veryone wants a piece of Petra Palumbo. The Scottish interior designer, who is usually based in the Highlands, is in town briefly and it's clear fans are keen to capitalise. We’re meeting at her new Mayfair pop-up and I would say we sat down to chat but, in reality, the sitting was rather one-sided, with Palumbo frequently leaping up to greet friends and followers as they drop in to say hello or take a look around. Warm and personable, each visitor is greeted like an old friend and given a personal tour, Palumbo’s passion for her work evident in the enthusiasm she has for each piece.
Palumbo launched her eponymous retro-nostalgic sustainable homeware brand in 2018 with a range of hand-painted carafe and tumbler sets. “I was trying to think of a sustainable solution to reduce plastic waste within the home, while creating something that was practical, but also beautiful.” They sold out overnight. “I knew then that I was on to something.”
Having since expanded to offer everything from quirky Delft tiles painted with animals, croissants and playing cards to colourful home accessories and glassware, Palumbo’s eponymous brand perfectly encapsulates the personality of its founder, with her unique blend of Lebanese heritage and Scotch sensibility. It is, perhaps, surprising then that design and interiors were never the master plan. “I never really had a dream, like, ‘I want to be an astronaut’,” she laughs. “I just knew I wanted to have a brand, and to be my own boss.”
We meet in the basement space of Mayfair’s Lamb Gallery, where Palumbo has curated her favourite pieces from her flagship store in the Scottish Highlands, where she shares an idyllic sounding home in a former fishing lodge on the River Beauly with her husband Simon, daughter Vaila, Raisin the pug, and a beloved clotted cream Citroen 2CV, affectionately named Pom-Pom. “My dad’s had it since I was born, and I’ve been driving it for about 12 years.”
A celebration of the colours of spring, every surface of the pop-up space is crowded with colourful hand-painted glassware, sweet Fairisle knits and kitschy ceramic tiles. Surrounded by her creations, Palumbo exudes the sort of cool confidence innate to many British aristos; her father is the property magnate and art collector Baron Peter Palumbo and her husband the 16th Lord Lovat.
Raised between London and Berkshire in a tight-knit family, Palumbo spent a large chunk of her adolescence helping out at her mother’s needlework shop, which was “very much an extension of our home.” The same can now be said for her Beauly flagship, which she opened last year, in order to be able to spend more time with her daughter.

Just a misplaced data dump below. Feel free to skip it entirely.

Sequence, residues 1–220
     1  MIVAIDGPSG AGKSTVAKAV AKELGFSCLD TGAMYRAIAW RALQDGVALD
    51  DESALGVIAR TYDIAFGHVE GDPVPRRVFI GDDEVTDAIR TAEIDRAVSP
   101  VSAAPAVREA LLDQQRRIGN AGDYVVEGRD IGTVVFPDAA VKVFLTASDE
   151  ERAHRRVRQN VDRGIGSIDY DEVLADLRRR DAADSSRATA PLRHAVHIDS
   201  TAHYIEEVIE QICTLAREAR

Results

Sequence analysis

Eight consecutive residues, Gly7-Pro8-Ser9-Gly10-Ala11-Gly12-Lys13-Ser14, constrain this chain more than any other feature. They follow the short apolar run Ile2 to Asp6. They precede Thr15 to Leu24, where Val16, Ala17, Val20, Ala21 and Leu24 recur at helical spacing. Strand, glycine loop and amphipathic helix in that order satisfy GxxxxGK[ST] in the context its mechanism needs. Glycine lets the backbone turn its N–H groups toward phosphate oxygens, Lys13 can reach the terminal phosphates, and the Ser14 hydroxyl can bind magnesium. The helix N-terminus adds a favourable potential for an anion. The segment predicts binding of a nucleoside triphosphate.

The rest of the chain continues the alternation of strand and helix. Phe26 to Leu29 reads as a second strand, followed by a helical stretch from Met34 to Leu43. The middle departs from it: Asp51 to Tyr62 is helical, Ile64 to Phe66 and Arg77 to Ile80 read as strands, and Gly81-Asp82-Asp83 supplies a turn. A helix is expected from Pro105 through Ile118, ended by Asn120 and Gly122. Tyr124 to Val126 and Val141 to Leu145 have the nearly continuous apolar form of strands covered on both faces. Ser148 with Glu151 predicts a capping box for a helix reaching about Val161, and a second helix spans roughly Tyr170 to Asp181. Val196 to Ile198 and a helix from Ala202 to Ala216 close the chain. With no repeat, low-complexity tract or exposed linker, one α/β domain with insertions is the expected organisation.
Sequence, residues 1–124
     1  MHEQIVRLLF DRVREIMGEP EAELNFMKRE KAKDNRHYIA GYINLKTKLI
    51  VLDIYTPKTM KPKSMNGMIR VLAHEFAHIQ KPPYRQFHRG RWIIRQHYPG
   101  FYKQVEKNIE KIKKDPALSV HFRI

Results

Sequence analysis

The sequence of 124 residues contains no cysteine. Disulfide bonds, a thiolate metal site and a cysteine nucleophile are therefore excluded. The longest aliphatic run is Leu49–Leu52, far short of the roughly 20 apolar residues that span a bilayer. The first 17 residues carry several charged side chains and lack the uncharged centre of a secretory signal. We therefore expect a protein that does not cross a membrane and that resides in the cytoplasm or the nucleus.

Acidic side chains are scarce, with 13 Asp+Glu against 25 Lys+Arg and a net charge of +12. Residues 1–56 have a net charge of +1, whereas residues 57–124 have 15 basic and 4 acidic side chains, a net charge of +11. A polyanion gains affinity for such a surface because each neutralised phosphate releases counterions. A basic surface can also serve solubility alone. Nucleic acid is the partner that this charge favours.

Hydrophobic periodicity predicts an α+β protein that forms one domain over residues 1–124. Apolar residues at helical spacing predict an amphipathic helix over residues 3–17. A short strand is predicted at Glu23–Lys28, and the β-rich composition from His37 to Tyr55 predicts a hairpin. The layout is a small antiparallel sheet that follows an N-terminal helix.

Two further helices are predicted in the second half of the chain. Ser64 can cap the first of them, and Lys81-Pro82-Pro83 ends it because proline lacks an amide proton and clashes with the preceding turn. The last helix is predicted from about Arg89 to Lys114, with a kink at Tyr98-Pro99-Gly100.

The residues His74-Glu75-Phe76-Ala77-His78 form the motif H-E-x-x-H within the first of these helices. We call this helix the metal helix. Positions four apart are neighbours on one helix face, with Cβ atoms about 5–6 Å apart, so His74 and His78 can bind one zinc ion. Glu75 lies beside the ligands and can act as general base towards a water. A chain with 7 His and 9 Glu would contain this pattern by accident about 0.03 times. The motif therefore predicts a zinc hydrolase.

“Family is a huge part of my life,” she gushes. “I love working with them and I try to include them as much as possible.” And keep it in the family she does, enlisting her husband’s aunt to hand knit Fairisle blankets and woollen babygrows and collaborating with her mother – Lady Hayat Palumbo, the creative force behind South Kensington’s Tapisserie – on a capsule of needlepoint kits.
This laser focus on family is inherent to Palumbo’s personality and her brand. “The Lebanese are very clanny, similar to the Scottish, so they’re very much about family, hosting, being generous – that really translates into my passion for the home. I love hosting and having people over. They use a lot of colour and prints, too, and so I think I’ve translated that through my work.”
There’s a real personal touch to Palumbo’s brand, something, she stresses, is by design and is evident from her handwritten logo and signature painted glassware to her popular Delft tiles, which were initially created as a gift for her husband eight years ago. “Literally everything comes through my studio and the idea was to capture nostalgic moments,” she says of the kitschy sketches of overflowing laundry hampers, cocktail shakers, pets and disco balls that decorate each tile. Fans will be pleased to hear an expanded range of serving trays and coasters is due to be released later this summer.
Aside from drawing on nostalgia and her heritage, Palumbo finds inspiration wherever she can: from travelling, the natural beauty of the Highlands, folk art and the work of fellow creatives. “Vera Neumann is a huge reference to me,” she effuses. “She's long since passed away but she's brilliant.” Others include textile designers Jacqueline Groag and Anni Albers, and Hockney “for colour”.
As she walks me through the space, my eye is caught by a rainbow of muslin napkins, set up in the centre of the room around an antique jug, bursting with fresh tulips. “These are hand-dyed in Lebanon,” she tells me. “After the explosion in Beirut, I wanted to support local designers and artists who are really struggling with the current situation there and getting supplies – it’s just a nightmare – so a friend put me in touch with a girl called Mona Ayoub, and I commissioned her.”
Having cut her teeth at Christian Dior, after studying jewellery design at London College of Fashion and completing a master degree in Sustainable Textiles at Chelsea College of Art and Design, Palumbo’s approach to design is about far more than just aesthetics. “Having studied jewellery design was brilliant. It's very precise, and you can think in 3D. That really helps me design now and think about the product in its entirety.
“We [also] look at the materials of the product: how much energy is used to make it? What happens when it breaks? Can it be recycled? We’re the antithesis of throwaway culture. If you buy one thing and you buy it well, it’ll last you forever,” she explains. “I want people to treat my pieces like heirlooms and hand them down to the next generation.” Perhaps therein lies the appeal.
The Petra Palumbo Summer 2022 pop-up is open 11am - 7pm until Saturday 30 April at 32 St George Street, W1S 2FJ; visit petrapalumbo.com